Seventeen-year-old Kotoko Aihara is a ditz, the kind of girl who gets easily flustered by math problems, blurts whatever she’s thinking, and burns every dish she attempts to make, be it a kettle of boiling water or beef bourguignon. Though Kotoko’s poor academic performance consigns her Class F — the so-called “dropout league” at her high school — she has her eye on Naoki Irie, the star of Class A. Rumored to be an off-the-chart genius — some peg his IQ at 180, others at 200 — Naoki is an outstanding student whose good looks and natural athletic ability make him an object of universal admiration. Kotoko finally screws up the courage to confess her feelings to him, only to be curtly dismissed; Naoki “doesn’t like stupid girls.” Furious, Kotoko resolves to forget Naoki.
This being a shojo manga, however, author Kaoru Tada contrives an only-in-the-pages-of-Margaret scenario to bring her reluctant lovebirds together: an earthquake. When a tremor flattens Kotoko’s house, she and her father don’t go to a shelter or a hotel. No, they take up residence at… the Iries! (Kotoko and Naoki’s fathers are lifelong friends, having attended the same high school thirty years prior.) Though Mr. and Mrs. Irie warmly embrace Kotoko, Naoki balks at her presence, forbidding her to acknowledge him at school or tell her friends where she’s staying. Making matters worse are Naoki’s younger brother Yuuki, a fiercely intelligent third grader who shares Naoki’s contempt for Kotoko, and Naoki’s mother, a cheerful busybody who tries engineering a relationship between Kotoko and her son; their intrusions into Kotoko’s life are a constant reminder of just how awkward her situation really is.
Tada’s set-up is credulity-straining — to say the least! — but she populates her story with so many fabulous supporting players it’s easy to forgive the absurd plot twists. Yuuki is my favorite character, a pint-sized terror who’s equal parts Stewie Griffin and Harriet the Spy, filling a notebook with detailed (and unflattering) descriptions of Kotoko’s daily routine. When Kotoko discovers his “observation diary,” a hilarious battle royale ensues, as she tries to persuade Yuuki that she is, in fact, smart, kind, and attractive. Kotoko’s Class F pals are another welcome source of comic relief. Though her friends are strictly one-note characters — a wiseacre, a wiseguy who carries a torch for Kotoko — they function as a kind of salty Greek chorus, alternately rooting for Kotoko and ruing her impulsive behavior.
Even Tada’s lead couple are more appealing than they initially seem. Kotoko, for example, turns out to be spunkier and smarter than one might have guessed from the opening pages, tapping into a hidden reserve of cunning when she discovers an incriminating photo of Naoki. Naoki, for his part, demonstrates a capacity for chivalrous behavior, even though he remains appalled by Kotoko’s… well, stupidity. (Spoiler alert: She doesn’t become a Nobel laureate overnight.)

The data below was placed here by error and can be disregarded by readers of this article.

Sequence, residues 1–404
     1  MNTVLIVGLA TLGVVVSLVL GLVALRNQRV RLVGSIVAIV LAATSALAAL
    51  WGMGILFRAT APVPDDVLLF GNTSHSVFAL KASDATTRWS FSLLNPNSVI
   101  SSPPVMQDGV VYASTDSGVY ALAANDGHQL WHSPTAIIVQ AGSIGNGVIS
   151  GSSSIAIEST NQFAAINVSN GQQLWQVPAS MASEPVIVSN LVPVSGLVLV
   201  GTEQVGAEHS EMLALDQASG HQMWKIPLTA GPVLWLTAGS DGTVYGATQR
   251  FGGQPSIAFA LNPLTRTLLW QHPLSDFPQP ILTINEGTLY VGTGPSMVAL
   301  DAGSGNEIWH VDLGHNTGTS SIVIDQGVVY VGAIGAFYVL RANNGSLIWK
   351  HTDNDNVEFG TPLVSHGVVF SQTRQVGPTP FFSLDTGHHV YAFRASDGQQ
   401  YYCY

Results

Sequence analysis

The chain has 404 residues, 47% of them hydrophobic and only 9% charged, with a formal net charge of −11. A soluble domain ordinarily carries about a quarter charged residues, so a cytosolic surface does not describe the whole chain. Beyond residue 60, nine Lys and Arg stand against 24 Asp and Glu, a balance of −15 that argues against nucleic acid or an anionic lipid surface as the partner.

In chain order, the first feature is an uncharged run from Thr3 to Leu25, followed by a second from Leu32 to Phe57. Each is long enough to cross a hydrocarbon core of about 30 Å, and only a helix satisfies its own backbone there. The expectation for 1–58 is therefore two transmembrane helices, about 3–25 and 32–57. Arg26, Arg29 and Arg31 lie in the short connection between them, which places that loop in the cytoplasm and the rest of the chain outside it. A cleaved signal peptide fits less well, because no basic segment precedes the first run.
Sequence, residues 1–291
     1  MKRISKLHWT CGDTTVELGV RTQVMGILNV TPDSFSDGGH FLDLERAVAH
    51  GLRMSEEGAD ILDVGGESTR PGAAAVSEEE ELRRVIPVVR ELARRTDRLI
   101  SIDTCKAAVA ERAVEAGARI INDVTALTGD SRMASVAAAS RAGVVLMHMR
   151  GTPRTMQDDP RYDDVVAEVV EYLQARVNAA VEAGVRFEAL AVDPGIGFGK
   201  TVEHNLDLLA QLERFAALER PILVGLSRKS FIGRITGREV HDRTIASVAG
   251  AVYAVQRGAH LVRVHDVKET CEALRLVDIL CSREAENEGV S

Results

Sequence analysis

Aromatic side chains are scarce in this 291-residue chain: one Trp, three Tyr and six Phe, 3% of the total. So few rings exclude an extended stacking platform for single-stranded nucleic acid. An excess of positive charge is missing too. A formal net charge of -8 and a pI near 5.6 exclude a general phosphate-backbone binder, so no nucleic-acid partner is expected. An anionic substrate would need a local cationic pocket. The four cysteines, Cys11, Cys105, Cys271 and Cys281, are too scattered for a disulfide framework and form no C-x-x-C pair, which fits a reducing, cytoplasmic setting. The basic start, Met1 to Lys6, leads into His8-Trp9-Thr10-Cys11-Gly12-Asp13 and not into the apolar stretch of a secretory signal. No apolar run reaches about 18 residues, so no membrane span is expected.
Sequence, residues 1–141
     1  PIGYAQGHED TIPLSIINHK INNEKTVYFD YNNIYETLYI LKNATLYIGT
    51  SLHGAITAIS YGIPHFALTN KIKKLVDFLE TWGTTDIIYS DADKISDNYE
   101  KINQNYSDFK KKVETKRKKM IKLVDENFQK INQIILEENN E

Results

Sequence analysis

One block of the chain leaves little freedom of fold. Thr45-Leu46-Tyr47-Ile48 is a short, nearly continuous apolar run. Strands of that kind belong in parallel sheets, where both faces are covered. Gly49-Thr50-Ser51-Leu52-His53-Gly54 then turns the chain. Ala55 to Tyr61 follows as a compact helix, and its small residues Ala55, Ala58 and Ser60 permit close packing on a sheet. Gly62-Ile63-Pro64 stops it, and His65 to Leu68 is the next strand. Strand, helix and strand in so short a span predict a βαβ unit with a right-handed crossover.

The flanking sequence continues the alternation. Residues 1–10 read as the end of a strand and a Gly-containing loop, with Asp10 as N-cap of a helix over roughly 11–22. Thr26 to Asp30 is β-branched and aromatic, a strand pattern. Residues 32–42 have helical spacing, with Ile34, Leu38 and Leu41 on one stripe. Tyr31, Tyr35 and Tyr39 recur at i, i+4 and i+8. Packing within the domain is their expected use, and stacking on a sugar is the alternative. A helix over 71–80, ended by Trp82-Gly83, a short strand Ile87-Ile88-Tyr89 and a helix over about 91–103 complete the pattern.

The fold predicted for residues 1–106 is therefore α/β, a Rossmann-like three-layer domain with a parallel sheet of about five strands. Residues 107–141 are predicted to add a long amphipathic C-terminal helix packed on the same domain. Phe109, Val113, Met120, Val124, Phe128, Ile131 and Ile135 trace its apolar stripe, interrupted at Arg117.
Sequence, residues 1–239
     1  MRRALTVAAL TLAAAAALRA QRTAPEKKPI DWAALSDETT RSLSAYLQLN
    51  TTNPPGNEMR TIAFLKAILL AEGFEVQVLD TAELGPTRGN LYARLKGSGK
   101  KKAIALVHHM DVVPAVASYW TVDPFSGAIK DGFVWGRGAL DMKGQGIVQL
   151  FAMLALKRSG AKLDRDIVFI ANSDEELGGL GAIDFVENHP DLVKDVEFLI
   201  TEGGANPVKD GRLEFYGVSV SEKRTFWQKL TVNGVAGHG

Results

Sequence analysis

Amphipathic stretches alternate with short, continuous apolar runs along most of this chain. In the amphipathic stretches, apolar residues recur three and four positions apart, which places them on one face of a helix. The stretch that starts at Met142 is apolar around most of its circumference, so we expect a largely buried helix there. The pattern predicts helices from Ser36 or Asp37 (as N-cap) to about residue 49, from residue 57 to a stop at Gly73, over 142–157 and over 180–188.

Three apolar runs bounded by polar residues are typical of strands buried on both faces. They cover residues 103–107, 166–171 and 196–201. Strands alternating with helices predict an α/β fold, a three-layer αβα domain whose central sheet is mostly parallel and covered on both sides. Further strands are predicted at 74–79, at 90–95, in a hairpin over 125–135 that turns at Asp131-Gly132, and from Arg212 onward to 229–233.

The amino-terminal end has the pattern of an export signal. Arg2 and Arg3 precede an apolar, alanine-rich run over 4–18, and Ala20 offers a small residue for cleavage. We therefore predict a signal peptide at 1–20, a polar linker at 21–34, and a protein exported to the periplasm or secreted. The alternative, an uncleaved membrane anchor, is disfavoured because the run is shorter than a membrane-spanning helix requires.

Tada’s artwork is serviceable, with simple layouts and minimal attention to background detail, save for the occasional patch of screentone. Though crude, her sketchy character designs prove surprisingly effective, neatly encapsulating each cast member’s personality in just a few simple shapes and lines: Naoki’s hauteur by his sharp nose and rooster-like shock of hair, Kotoko’s naivete by her round, girlish face. The characters’ rough, unfinished look readily lends itself to the kind of facial and bodily deformations so characteristic of the shojo rom-com; I’ll take Tada’s unpolished yet soulful cartooning over the super-slick stylings of Arina Tanemura any day.
Reading Itazura Na Kiss, it’s easy to see why the series proved so influential. Tada makes opposites-attract comedy seem effortless — just throw your leads under the same roof and presto! hilarity and romance ensue. What Tada did better than many of her admirers, however, is make the comedy count for something more than just a few laughs; her characters’ pratfalls and humiliations serve as catalysts for self-reflection and growth, making it seem plausible that Naoki and Kotoko might be right for one another… some day. (I never rule out the possibility of a deus ex-mangaka bringing them together before then, however.) Highly recommended.
ITAZURA NA KISS, VOL. 1 • BY KAORU TADA • DMP • 342 pp. • RATING: TEEN (13+)
12 thoughts on “Itazura Na Kiss, Vol. 1”
Michelle Smith says:
I found myself nodding in agreement many times while reading this, especially as regards how effortlessly Tada makes it truly plausible that these characters might truly grow to care for each other in a genuine way. (Although Kotoko has always professed to love Naoki, since she never actually talked to him, how real could that love have been?)
Also, I love this bit: ” I’ll take Tada’s unpolished yet soulful cartooning over the super-slick stylings of Arina Tanemura any day.” I am in 2000% agreement!
Katherine Dacey says:
Thanks, Michelle! I still say your review is my favorite to date, as you did such a wonderful job of explaining the dynamic between Naoki and Kotoko.
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